Sorry, Patients: We Won’t Fill Your Prescription Here

What does this mean for every current patient, as well as all the rest of us potential patients?
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In case you missed it, last month pharmacy giant CVS announced it would terminate access to more than 30 new medications in 2017, including groundbreaking cancer and diabetes drugs. Shortly after the CVS announcement, Express Scripts – the nation’s dominant pharmacy benefits manager – followed suit with its list of drugs to be dropped in 2017.

What does this mean for every current patient, as well as all the rest of us potential patients?

CVS Health maintains more than 68,000 pharmacies nationally including the CVS Pharmacy Stores. It fills or manages 1.9 billion prescriptions per year and touches tens of millions of lives. The conglomerate’s own second quarter earnings report claims a savings of “more than $9 billion for clients without disrupting member care.” I’m sure those who will lose access to their cancer or diabetes medications might disagree.

To make matters worse, CVS’s announcement on the need to cut medications occurred the same day it beat Wall Street forecasts with a robust second quarter operating profit of $2.4 billion. Rather than telling hedge fund managers how many patients it is cutting off, shouldn’t CVS suggest ways to get patients the medicines they need?

Express Scripts, while not nearly as well-known as CVS, recently announced a growth in second quarter profits by nearly 21 percent with a net income of $720.7 million. The broker also announced its own 2017 formulary exclusion list – 85 drugs in all. What does that mean if you’re one of the many patients who needs one or more of those 85 medicines?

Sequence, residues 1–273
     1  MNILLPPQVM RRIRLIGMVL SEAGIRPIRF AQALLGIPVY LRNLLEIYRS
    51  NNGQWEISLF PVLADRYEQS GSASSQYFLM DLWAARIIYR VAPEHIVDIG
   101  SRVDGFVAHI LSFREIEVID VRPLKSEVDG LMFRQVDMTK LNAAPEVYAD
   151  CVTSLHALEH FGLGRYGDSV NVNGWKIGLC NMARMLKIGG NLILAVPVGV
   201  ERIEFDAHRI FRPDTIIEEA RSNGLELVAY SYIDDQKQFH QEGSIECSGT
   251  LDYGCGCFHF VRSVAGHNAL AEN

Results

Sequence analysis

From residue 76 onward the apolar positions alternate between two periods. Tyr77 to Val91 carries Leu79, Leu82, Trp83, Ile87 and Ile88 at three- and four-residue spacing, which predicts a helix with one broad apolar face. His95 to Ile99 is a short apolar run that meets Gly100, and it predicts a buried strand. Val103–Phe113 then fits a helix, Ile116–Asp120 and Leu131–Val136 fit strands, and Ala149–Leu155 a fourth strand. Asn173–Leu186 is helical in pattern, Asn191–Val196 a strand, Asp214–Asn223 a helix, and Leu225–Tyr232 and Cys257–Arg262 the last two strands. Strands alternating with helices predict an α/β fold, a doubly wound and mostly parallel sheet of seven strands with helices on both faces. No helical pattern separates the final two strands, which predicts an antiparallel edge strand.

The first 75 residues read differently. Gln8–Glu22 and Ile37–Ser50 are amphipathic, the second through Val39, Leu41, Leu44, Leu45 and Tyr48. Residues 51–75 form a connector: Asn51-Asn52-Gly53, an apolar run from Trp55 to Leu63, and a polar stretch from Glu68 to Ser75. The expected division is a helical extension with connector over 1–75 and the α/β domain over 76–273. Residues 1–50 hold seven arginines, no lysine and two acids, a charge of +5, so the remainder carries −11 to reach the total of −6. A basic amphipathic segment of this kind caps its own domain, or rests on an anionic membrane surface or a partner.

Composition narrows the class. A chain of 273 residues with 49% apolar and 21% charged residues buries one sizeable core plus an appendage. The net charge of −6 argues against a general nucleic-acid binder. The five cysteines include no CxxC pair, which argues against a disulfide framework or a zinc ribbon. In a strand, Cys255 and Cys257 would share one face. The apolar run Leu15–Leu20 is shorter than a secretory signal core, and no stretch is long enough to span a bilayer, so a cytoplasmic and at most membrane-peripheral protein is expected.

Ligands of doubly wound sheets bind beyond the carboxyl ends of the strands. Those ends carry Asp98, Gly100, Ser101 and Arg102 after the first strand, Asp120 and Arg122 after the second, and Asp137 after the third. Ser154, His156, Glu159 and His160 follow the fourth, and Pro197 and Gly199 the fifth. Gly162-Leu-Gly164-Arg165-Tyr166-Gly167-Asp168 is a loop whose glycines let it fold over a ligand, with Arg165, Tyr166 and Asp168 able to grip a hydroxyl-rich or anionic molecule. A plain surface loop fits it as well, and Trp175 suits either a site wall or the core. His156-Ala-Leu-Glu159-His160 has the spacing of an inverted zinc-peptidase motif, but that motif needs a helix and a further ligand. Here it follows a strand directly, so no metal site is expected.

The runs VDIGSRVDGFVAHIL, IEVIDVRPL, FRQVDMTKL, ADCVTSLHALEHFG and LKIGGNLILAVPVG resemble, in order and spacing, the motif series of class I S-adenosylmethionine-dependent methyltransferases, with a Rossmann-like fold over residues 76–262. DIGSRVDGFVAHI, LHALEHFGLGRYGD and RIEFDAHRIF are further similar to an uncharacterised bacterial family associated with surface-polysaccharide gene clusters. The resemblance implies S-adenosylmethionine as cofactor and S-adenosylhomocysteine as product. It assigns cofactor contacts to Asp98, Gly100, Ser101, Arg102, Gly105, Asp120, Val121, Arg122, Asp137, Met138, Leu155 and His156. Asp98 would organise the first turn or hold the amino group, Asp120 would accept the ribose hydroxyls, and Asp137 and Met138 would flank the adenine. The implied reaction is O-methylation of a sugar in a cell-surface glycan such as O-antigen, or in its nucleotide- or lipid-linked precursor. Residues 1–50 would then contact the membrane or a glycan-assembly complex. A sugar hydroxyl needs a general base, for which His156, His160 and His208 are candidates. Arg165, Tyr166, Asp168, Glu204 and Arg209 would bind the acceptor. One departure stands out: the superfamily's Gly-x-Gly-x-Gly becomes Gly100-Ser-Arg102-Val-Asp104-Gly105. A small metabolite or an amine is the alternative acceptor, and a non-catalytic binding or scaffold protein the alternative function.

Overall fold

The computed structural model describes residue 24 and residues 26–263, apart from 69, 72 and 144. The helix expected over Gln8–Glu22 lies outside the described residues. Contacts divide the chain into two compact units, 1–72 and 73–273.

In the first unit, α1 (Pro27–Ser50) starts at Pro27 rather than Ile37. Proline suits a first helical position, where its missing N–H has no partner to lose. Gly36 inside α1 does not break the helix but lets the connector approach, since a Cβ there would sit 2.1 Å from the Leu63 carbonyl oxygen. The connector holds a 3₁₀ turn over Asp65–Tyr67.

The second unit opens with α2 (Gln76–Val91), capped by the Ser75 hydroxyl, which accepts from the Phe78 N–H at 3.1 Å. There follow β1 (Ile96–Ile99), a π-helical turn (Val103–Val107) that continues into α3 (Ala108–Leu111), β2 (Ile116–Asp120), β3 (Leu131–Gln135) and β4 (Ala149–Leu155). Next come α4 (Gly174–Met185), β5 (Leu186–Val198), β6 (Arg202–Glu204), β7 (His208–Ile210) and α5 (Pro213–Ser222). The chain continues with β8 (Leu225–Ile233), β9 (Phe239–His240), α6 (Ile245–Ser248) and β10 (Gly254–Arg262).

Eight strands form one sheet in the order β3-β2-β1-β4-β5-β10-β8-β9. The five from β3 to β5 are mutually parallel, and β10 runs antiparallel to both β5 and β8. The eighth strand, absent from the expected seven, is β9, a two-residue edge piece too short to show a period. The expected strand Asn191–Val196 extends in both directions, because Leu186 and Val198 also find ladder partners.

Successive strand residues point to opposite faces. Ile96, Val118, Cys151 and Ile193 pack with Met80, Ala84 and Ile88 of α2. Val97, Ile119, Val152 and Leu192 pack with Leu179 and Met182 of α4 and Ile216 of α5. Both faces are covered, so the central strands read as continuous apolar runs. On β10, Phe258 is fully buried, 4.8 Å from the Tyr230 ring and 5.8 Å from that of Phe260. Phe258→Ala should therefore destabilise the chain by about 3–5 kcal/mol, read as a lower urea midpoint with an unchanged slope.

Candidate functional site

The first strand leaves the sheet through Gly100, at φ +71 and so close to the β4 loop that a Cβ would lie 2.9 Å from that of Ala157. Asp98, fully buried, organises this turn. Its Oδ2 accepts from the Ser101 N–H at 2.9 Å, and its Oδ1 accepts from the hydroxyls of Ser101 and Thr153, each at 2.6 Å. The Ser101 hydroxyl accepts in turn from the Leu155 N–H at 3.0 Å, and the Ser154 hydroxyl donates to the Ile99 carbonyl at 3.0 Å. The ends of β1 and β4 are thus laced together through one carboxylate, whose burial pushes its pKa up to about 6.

On its 2017 preferred drug exclusion list, Express Scripts provides the following instructions to patients: “If you’re currently using one of the excluded medications, please ask your doctor to consider writing you a new prescription for one of the following preferred alternatives.”

Basically, regardless of what your doctor determines is best for you, the final decision is in the hands of the of the pharmacy benefit manager and not your medical provider.

If this becomes standard operating procedure, we have likely taken a step from which there is no return.

In this potentially brave new world of a CVS on practically every street corner, this is what America’s anti-patient future looks like. If CVS can do this to patients, anyone can. Fictional characters who fear the future often say tomorrow will be a time when we have no control over our health, our finances, what we do and where we go.

But this is no paranoid delusion. It’s at least partly true right now if a doctor can prescribe a treatment, a patient can agree and a pharmacy benefit manager can overrule them both.

What is CVS going to tell the first patient who walks into one of its pharmacies on January 2nd and can’t get their medication?

CVS Caremark has more than 75 million members and has cleared billions of dollars in the health care business. It didn’t happen by selling oscillating fans, ice cream or wall calendars. It made those billions serving patients, and with this comes an obligation to those people. What are CVS’s ideas to make the system work better? Throwing up their hands and cutting patients? Is there really not a Plan B?

Of course we should hear these entities out and provide a fair opportunity to explain these controversial stands. But if the rationing of medicines goes forward, then we are at cross purposes.

Entities like CVS and Express Scripts can play a vital role, but they owe patients more than to silently and anonymously do things once unimaginable, but now outlined in black and white as financial corporate policy.

No one should begrudge either of these companies a strong balance sheet in the black. But is it too much to ask they do it without turning their backs on the millions of patients that enabled their billion-dollar bottom lines?

Walgreens, call your office. A million patients might be on the other line.

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